The film opens and closes with an a capella version of "Skylark", sung by k.d. lang. The linked video is only about a minute long, but you can listen to a surprisingly good cover version (including a film clip) here.

The a capella style suits the film, but I still really like "Skylark" by Cleo Laine and James Galway, from their magical album Sometimes When We Touch (one of my treasured possessions from the days of vinyl).

A slide show of Gaudi's wonderful architecture, set to the music of Queen - thanks to aldchronicle56 (Allan) for this one!

A charming musical version of A.A. Milne's poem from Now We Are Six by singer-songwriter Melanie Safka,
sent to me by my friend Gatorindo (David)

If you like this...

[The Hoose at Pooh's Neuk]

This wonderfully cheerful, bouncy song was sent to me by my friend Gatorindo (David), who wrote:

"Poppy but fun, and you can understand all of the words... note the chick doing the Robot--not a retro Robot, but really doing it... Debbie went on to do great things with that voice..."

If you haven't visited David's great pages, there is no time like the present... and you can see all of my Gatorindo snaffles if you click his tag above.

A very popular light show, set to the equally popular duet by Andrea Bocelli and Sarah Brightman

Thanks to Elegantlady (Roberta) for another of her many generous and excellent shares.

(The original video shared (from which the screenshot comes) has been blocked in some countries - this is the next best I could find. Give it 25 seconds or so for the spectacle to get under way...)

"Hallelujah" by the (female) Canadian pop and country singer-songwriter k.d. lang - a song that I always associate with the sad parts of that great movie Shrek - thanks again, Elegantlady (Roberta)!

"Forever Autumn" by The Moody Blues, one of my favourite tracks - thanks, Elegantlady (Roberta)

If you're in this mood...


A very nice video featuring the work of Patricia van Lubeck, set to some glorious music which I am pretty sure is by Karl Jenkins - it is very like (but isn't) one of the tracks on "Adiemus"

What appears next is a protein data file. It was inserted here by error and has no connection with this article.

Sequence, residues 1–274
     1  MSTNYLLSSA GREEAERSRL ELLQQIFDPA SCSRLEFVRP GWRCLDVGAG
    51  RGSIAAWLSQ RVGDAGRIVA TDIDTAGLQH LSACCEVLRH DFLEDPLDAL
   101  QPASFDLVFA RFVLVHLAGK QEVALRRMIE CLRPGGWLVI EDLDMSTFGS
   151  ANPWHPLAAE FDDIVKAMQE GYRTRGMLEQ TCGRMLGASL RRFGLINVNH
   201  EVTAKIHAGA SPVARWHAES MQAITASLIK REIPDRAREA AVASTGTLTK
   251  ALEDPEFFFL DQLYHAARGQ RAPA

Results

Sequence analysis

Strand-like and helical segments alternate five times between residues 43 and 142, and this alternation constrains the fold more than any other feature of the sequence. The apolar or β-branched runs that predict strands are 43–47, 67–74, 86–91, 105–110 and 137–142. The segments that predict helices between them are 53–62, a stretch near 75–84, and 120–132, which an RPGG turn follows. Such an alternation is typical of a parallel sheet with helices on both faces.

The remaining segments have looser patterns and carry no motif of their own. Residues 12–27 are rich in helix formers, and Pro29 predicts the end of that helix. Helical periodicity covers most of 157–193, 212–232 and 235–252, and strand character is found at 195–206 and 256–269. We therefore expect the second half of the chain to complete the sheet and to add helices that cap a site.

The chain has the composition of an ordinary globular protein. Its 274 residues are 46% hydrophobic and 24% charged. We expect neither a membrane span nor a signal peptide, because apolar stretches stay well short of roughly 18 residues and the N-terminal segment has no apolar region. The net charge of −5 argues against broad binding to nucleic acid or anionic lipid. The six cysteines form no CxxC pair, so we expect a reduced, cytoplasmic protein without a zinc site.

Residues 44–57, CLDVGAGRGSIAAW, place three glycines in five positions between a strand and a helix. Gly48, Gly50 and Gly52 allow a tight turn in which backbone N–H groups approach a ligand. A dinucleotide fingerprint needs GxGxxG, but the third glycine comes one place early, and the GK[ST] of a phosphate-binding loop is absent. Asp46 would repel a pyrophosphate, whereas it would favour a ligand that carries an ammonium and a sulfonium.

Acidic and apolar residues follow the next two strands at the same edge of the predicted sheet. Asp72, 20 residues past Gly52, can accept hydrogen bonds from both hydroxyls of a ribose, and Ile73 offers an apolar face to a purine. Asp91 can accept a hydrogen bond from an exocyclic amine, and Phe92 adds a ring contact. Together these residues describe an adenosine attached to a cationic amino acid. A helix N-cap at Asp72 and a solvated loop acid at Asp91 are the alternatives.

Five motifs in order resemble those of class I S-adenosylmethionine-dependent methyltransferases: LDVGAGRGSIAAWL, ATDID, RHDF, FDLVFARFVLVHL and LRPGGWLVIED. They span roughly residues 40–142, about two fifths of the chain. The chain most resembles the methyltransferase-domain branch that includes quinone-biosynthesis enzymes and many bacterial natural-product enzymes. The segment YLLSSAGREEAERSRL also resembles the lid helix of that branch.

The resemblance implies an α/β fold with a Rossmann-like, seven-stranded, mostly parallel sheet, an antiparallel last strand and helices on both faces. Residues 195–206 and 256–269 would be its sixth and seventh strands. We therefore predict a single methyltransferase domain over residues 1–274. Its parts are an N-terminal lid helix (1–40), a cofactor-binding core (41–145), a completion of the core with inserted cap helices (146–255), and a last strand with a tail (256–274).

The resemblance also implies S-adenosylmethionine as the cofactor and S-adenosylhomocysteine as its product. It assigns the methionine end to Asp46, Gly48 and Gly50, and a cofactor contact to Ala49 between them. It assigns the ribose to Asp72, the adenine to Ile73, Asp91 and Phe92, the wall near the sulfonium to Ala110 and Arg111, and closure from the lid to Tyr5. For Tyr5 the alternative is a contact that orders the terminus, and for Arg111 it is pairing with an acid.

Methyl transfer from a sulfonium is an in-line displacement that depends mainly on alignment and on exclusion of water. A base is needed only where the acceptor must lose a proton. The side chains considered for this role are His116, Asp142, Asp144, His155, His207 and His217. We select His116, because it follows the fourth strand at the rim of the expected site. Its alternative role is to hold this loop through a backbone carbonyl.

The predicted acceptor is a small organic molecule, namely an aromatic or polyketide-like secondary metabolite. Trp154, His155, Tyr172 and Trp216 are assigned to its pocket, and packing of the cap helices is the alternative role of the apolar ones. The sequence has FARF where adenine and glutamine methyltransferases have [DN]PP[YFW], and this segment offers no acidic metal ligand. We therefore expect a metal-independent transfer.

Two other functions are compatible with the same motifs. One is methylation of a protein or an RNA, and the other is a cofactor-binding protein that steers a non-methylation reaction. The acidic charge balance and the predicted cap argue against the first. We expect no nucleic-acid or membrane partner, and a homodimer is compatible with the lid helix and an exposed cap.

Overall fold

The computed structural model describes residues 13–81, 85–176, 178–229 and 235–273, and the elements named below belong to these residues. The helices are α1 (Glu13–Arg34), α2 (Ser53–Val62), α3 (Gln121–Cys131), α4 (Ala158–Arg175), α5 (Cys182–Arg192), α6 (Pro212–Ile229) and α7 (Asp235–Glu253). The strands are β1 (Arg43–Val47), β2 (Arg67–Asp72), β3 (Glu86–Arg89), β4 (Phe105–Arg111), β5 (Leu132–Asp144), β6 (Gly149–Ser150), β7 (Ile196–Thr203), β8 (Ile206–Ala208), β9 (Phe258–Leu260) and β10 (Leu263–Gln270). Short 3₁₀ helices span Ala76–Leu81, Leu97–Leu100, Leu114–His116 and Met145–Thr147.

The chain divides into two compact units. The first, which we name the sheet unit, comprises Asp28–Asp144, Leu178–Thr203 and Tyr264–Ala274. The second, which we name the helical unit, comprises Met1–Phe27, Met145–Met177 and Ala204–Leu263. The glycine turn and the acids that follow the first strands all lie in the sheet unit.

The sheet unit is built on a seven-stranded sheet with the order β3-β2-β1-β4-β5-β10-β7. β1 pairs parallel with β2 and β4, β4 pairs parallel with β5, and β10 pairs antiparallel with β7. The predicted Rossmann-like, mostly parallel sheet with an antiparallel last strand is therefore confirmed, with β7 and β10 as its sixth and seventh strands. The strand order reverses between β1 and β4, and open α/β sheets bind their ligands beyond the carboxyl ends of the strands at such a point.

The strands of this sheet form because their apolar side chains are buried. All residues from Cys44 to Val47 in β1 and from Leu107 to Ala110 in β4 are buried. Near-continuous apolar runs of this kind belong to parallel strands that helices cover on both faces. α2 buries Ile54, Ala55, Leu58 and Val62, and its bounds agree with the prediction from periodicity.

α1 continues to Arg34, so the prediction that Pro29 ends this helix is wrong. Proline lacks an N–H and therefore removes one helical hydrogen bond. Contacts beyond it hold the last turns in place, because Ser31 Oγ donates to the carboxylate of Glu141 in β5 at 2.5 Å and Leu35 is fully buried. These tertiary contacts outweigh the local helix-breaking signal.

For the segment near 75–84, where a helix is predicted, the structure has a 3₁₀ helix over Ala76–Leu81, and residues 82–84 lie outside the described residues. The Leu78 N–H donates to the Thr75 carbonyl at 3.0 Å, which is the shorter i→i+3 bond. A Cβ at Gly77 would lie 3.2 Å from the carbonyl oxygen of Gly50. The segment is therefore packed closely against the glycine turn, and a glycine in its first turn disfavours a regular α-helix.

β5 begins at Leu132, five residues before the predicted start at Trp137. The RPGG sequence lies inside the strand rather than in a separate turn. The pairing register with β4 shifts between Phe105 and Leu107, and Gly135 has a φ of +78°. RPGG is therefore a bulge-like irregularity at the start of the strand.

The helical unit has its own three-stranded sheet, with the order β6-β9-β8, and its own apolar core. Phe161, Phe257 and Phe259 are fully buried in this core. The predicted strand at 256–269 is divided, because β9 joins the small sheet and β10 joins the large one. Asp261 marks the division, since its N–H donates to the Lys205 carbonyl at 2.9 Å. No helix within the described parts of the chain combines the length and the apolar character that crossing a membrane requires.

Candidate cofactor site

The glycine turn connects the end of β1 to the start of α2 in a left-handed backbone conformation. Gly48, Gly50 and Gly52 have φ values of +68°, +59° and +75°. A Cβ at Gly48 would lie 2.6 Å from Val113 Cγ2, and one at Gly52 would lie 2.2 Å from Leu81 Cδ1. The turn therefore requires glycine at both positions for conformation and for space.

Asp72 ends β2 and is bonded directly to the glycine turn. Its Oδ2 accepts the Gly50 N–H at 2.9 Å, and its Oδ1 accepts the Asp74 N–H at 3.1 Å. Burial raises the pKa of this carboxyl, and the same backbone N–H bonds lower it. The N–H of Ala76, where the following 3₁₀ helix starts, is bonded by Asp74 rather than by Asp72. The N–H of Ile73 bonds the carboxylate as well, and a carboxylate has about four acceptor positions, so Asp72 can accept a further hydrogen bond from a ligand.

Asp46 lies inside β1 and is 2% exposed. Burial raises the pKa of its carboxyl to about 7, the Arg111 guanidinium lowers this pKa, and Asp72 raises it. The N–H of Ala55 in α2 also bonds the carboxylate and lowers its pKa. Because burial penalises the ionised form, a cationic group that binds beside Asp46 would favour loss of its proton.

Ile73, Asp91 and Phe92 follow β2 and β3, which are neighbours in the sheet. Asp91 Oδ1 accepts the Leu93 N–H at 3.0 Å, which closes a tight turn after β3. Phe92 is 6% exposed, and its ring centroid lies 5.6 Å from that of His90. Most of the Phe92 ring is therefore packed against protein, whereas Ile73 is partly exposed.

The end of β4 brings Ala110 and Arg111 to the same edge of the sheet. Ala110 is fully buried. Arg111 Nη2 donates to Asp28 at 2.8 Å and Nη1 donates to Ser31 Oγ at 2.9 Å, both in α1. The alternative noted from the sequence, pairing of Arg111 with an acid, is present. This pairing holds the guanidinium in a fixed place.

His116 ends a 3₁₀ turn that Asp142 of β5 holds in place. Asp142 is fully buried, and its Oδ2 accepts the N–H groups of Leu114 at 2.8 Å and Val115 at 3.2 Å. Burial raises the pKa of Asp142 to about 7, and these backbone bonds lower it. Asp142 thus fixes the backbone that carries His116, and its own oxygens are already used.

"Patricia van Lubeck is a self-taught artist. Born in Amsterdam in 1965, she was a bookeeper until 2000 when she started the 21st century by becoming a fulltime professional artist. She moved to the Bay of Plenty in New Zealand in 2005 and since then her work has taken a new and exciting direction. Her works in recent years show landscapes and weird plant species which she calls her psychedelic gardens."

Patricia van Lubeck was one of Ritas's favourite artists, and you can listen to more of Karl Jenkins' beautiful music here.

Thanks to my friend Catcaley for this one!

I guess everyone has a "They're playing our song" favourite. This classic by Roberta Flack is mine! In the old days, we attended quite a few dances where the DJ's choice of this song would magically fill the previously sparsely-populated dance floor.

Mark Knopfler and Emmylou Harris performing live during their tour 'All the roadrunning'.
From the DVD 'Real Live Roadrunning' recorded at Gibson Amphitheatre 2006.

One of my all-time favourite songs, written by Mark Knopfler, and a great version of it.

Neil Diamond is one of the world's great performing artists (the third most successful in the charts after Elton John and Barbra Streisand), still going strong at 70.

In this beautiful track he transforms a catchy but banal pop hit that he wrote for the Monkees into a beautiful ballad. He also performed this version on the same tour in his July 2011 concert at London's huge O2 Arena, televised by BBC4.

"Time to Say Goodbye", one of Andrea Bocelli's most popular songs, on a great site that acts as a themed music-video jukebox (thanks for both the site and the track, Elegantlady (Roberta))